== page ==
Similar things happen when you work down on a more micro level. A certain tone within chapter 1, might set the up for the theme in chapter six, which emphasizes the resolution in the final chapter. A single character's predilection toward unusual speech and voice patterns, might set a certain mood (maybe comedy, maybe set the character up as seemingly stupid or innocent, etc.), that needs to be contrasted later. Now, a lot of these things can be planned for, but I think the experimentation phase is what teaches you how to use them appropriately. (as an example of this, I'm going to post a story in the rogues contest later this week which will hopefully illuminate what I mean. [assuming it is short enough, sometimes I write to the theme and then way overshoot the word count, in which case, I'll post it in the critique section] Right now I'm playing around with jargon and accent in the hopes it'll create a certain mood. Hopefully it'll work, but after I post it, we can talk a bit more about how it applies to this point I'm trying to make. Whether it works or not, It'll give me a place to start from, whether it be: this needs to change, it didn't work, but why not? or This worked, awesome, how can I make it better, and how can I apply this same idea in the future).

EDIT: I may edit again, because I'm still in rant mode, and as you've probably gathered by now, my lack of plotting leads to erratic jumbling of my argument which must then be restructured into a coherent whole :)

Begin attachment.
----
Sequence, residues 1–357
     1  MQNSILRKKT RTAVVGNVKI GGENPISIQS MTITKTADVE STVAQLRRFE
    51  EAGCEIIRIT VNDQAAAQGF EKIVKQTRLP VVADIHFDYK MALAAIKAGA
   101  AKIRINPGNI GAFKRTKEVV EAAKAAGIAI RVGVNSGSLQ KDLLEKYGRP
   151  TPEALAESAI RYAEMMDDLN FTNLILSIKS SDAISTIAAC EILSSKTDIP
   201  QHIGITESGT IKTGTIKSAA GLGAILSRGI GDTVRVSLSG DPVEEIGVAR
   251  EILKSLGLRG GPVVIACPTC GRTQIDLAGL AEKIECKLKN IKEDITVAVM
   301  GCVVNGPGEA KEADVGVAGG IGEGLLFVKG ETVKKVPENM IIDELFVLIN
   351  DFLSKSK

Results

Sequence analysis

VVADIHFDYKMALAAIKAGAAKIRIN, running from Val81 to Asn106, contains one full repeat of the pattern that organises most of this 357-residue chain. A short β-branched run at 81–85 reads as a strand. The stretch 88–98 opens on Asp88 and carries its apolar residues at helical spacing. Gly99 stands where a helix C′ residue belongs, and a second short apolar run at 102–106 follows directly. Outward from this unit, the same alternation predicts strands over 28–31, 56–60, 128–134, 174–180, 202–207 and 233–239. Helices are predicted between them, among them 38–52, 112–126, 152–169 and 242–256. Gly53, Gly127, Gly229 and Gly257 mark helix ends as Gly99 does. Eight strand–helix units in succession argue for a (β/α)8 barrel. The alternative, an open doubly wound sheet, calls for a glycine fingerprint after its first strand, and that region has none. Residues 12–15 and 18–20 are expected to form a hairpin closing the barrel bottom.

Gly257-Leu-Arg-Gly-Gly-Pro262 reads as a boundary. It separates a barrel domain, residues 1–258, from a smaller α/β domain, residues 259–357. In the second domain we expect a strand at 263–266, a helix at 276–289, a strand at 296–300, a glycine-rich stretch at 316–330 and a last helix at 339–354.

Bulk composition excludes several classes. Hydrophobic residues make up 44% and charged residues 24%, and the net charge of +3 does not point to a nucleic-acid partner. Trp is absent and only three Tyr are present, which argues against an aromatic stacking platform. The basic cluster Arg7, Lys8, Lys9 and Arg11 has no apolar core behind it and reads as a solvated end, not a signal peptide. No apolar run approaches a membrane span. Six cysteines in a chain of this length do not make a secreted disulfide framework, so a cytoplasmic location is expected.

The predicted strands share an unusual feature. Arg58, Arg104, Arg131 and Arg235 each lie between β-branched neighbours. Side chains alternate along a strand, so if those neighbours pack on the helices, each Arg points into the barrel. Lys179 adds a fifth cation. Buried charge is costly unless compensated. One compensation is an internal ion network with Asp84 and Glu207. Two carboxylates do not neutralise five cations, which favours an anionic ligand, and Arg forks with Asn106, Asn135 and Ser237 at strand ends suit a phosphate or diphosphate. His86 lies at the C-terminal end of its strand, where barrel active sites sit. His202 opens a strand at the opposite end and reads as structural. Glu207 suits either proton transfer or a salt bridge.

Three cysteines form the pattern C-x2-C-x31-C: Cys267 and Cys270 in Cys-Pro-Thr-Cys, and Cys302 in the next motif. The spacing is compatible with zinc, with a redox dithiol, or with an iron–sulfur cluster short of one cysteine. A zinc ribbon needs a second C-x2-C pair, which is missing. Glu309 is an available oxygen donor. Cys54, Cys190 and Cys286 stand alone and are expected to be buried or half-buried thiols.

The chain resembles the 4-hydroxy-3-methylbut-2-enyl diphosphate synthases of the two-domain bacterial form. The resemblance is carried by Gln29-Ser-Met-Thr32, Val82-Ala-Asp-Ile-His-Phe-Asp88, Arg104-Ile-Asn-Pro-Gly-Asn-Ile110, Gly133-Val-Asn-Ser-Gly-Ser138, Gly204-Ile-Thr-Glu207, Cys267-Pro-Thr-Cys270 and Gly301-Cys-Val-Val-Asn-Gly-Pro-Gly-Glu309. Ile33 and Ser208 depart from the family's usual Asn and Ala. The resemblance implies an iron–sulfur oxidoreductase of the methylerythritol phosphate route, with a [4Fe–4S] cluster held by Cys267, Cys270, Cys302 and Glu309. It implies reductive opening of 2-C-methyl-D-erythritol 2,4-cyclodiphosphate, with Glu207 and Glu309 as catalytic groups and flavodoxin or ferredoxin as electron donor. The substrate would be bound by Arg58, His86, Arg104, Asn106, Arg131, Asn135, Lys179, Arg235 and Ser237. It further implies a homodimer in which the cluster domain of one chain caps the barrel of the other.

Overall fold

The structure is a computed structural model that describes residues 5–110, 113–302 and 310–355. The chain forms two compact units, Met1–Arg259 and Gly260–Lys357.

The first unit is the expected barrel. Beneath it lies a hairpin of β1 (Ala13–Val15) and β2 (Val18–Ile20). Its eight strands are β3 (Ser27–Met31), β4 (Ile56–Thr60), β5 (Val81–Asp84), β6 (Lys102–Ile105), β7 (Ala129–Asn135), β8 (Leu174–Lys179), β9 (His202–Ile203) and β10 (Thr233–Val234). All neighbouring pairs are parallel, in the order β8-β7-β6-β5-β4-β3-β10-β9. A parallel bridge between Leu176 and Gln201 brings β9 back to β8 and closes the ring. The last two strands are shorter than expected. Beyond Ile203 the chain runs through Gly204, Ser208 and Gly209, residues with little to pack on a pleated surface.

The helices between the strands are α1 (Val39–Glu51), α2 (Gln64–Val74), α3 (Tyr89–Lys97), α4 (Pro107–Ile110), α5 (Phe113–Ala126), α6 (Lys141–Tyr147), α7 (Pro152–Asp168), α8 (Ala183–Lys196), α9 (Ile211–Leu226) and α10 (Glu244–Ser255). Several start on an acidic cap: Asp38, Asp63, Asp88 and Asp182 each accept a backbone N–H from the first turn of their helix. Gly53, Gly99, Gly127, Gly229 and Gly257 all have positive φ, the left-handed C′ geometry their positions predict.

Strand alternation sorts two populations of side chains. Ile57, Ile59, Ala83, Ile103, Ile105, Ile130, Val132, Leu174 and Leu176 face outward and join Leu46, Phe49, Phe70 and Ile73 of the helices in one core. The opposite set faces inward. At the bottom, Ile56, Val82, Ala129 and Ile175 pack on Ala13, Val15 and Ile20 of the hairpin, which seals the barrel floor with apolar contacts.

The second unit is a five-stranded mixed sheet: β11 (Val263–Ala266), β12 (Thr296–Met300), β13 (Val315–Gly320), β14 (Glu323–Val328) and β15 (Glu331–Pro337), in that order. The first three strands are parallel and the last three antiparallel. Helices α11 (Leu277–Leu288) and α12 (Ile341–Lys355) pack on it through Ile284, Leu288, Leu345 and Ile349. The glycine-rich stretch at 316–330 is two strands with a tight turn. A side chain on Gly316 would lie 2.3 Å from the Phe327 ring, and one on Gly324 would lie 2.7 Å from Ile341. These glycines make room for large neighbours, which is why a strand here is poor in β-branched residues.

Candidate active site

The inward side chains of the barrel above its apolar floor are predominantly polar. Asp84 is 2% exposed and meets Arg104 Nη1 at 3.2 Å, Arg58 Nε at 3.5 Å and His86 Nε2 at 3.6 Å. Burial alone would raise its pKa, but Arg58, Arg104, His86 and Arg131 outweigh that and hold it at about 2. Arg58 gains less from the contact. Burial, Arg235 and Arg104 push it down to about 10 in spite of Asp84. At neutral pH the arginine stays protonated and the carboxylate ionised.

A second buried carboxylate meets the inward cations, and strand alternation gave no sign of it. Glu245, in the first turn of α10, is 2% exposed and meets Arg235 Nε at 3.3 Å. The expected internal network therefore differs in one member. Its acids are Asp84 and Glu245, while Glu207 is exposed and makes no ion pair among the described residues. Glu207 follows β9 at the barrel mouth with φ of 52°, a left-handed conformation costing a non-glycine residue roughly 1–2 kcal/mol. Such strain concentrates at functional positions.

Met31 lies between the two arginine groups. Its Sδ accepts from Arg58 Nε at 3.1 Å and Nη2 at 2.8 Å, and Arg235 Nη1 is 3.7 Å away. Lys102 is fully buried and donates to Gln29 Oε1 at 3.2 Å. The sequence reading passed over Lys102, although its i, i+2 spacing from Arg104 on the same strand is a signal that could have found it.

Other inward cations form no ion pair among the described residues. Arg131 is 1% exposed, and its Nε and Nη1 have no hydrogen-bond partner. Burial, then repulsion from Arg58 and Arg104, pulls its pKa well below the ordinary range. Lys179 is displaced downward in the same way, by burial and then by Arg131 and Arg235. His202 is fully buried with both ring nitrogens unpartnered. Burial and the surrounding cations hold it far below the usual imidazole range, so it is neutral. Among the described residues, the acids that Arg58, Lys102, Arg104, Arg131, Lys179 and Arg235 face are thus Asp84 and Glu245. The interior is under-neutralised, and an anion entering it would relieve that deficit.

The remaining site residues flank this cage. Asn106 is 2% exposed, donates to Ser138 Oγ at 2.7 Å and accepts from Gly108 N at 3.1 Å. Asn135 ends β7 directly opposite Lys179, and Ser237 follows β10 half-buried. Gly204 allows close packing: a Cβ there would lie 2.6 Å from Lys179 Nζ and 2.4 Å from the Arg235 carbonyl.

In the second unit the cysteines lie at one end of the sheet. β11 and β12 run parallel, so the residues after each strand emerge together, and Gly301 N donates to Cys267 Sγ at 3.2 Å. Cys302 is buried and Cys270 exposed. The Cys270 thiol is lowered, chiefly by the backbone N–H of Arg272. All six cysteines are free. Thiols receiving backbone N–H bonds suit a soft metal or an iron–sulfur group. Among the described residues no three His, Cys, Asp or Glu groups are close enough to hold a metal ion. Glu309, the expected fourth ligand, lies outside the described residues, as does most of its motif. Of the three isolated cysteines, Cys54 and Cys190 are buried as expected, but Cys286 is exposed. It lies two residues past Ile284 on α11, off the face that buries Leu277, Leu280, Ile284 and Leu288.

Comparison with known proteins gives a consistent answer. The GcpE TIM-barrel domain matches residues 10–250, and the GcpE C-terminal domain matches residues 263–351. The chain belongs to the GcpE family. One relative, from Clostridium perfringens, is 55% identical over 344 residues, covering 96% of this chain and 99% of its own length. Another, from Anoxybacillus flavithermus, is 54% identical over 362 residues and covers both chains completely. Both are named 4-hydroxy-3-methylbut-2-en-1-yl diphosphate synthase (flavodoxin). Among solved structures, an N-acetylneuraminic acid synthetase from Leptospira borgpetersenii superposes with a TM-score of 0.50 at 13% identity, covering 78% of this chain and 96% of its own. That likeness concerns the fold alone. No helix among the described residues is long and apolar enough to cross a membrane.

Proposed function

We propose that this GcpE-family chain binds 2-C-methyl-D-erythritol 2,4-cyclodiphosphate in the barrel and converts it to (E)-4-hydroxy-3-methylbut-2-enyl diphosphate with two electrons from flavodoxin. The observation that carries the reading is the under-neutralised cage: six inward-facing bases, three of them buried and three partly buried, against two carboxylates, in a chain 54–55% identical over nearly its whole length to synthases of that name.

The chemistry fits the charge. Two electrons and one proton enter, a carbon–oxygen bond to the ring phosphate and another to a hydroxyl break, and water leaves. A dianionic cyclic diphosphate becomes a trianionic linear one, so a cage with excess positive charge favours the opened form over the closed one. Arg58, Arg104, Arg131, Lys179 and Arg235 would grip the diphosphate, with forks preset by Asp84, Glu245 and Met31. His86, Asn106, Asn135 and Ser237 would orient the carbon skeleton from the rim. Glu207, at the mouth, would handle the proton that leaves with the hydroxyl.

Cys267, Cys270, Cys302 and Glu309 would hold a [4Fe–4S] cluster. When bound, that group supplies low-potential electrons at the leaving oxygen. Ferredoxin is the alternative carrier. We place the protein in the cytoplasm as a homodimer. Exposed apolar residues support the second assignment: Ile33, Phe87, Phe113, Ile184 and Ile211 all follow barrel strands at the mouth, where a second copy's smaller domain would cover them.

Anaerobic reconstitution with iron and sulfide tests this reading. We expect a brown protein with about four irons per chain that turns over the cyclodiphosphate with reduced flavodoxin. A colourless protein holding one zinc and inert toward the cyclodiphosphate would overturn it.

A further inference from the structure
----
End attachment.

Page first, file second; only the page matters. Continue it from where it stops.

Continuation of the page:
« Last Edit: March 25, 2015, 05:06:09 PM by Justan Henner »

Offline Justan Henner

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Re: Scene & Chapter Length
« Reply #20 on: March 25, 2015, 05:01:59 PM »
Also, @Raptori, it sounds like the two of you already know what type of writers you are. I'm not trying to tell you what's going to work for you, I have no right to, nor any hope of accuracy in such a statement. But I would advise that any writer take some time to step outside their comfort zone, if only to see what happens. ;D

Also it's really invigorating when you step outside your comfort zone, fail miserably, and get to tell yourself, "See I knew it wouldn't work!"

Offline wakarimasen

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Re: Scene & Chapter Length
« Reply #21 on: March 25, 2015, 05:36:48 PM »